ALICE has upgraded many of its detectors for LHC Run 3 to operate in continuous readout mode recording Pb-Pb collisions at 50 kHz interaction rate without trigger.
This results in the need to process data in real time at rates 50 times higher than during Run 2. In order to tackle such a challenge we introduced O2, a new computing system and the associated infrastructure. Designed and implemented during the long shutdown, O2 is now in production taking care of all the data processing needs of the experiment.
O2 is designed around the message passing paradigm enabling resilient, parallel data processing for both the synchronous (to LHC beam) and asynchronous data taking and processing phases.
The main purpose of the synchronous online reconstruction is detector calibration and raw data compression. This synchronous processing is dominated by the TPC detector, which produces by far the largest data volume, and TPC reconstruction is fully running on GPUs.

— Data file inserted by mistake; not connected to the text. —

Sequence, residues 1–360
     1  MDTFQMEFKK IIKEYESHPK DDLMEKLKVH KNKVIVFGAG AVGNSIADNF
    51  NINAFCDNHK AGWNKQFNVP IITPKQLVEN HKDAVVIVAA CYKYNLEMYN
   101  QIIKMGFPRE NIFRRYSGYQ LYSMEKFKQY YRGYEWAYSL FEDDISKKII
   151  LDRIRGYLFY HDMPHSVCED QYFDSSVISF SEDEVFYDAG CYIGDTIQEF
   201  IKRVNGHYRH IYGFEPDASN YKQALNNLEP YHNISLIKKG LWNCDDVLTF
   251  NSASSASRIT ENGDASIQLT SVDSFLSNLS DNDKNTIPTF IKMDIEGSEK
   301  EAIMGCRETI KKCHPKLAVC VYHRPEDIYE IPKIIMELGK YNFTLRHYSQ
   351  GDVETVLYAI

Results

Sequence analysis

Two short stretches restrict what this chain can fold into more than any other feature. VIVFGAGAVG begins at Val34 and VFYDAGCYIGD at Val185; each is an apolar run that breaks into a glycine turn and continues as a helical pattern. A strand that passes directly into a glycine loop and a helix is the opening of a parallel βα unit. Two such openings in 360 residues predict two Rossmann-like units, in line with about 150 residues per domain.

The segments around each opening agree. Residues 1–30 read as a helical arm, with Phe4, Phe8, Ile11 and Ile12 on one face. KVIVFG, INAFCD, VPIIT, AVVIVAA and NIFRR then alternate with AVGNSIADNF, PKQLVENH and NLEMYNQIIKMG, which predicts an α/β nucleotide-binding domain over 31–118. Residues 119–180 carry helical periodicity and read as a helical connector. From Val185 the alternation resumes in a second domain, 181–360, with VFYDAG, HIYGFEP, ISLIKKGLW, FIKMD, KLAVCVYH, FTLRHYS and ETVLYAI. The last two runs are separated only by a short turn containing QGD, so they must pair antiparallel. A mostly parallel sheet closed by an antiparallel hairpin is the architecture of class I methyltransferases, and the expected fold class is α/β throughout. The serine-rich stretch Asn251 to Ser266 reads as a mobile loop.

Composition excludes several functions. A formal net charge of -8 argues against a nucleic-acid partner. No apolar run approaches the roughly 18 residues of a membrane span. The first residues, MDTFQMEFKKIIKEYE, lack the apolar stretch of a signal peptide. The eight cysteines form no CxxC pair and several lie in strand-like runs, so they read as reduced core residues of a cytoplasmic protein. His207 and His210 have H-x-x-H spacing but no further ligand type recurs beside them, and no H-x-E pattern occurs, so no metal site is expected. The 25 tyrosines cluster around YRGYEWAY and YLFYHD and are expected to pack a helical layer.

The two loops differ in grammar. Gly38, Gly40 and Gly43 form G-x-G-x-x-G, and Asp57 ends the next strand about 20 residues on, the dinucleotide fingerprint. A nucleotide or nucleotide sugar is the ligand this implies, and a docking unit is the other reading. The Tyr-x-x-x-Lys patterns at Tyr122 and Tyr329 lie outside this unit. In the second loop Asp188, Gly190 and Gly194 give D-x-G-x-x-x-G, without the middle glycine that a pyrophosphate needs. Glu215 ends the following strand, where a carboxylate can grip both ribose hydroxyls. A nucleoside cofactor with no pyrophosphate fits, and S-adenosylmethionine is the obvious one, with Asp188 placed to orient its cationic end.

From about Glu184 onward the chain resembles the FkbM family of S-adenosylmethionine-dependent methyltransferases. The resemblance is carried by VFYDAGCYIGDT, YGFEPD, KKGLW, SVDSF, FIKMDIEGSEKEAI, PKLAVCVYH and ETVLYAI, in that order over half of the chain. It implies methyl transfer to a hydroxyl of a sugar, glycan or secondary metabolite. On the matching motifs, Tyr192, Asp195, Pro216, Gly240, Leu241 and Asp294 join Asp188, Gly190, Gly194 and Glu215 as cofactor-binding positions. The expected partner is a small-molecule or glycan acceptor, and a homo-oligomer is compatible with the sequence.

When there is no beam in the LHC, the powerful GPU-equipped online computing farm of ALICE is used for the asynchronous reconstruction, which creates the final reconstruction output for analysis from the compressed raw data.
Since the majority of the compute performance of the online farm is in the GPUs, and since the asynchronous processing is not dominated by the TPC in the way the synchronous processing is, there is an ongoing effort to offload a significant amount of compute load from other detectors to the GPU as well.
The talk will present the experience from running the O2 framework in production during the 2022 ALICE data taking, with particular regard to the GPU usage, an overview of the current state and the plans for the asynchronous reconstruction, and the current performance of synchronous and asynchronous reconstruction with GPUs for pp and Pb-Pb data.
|Consider for long presentation||Yes|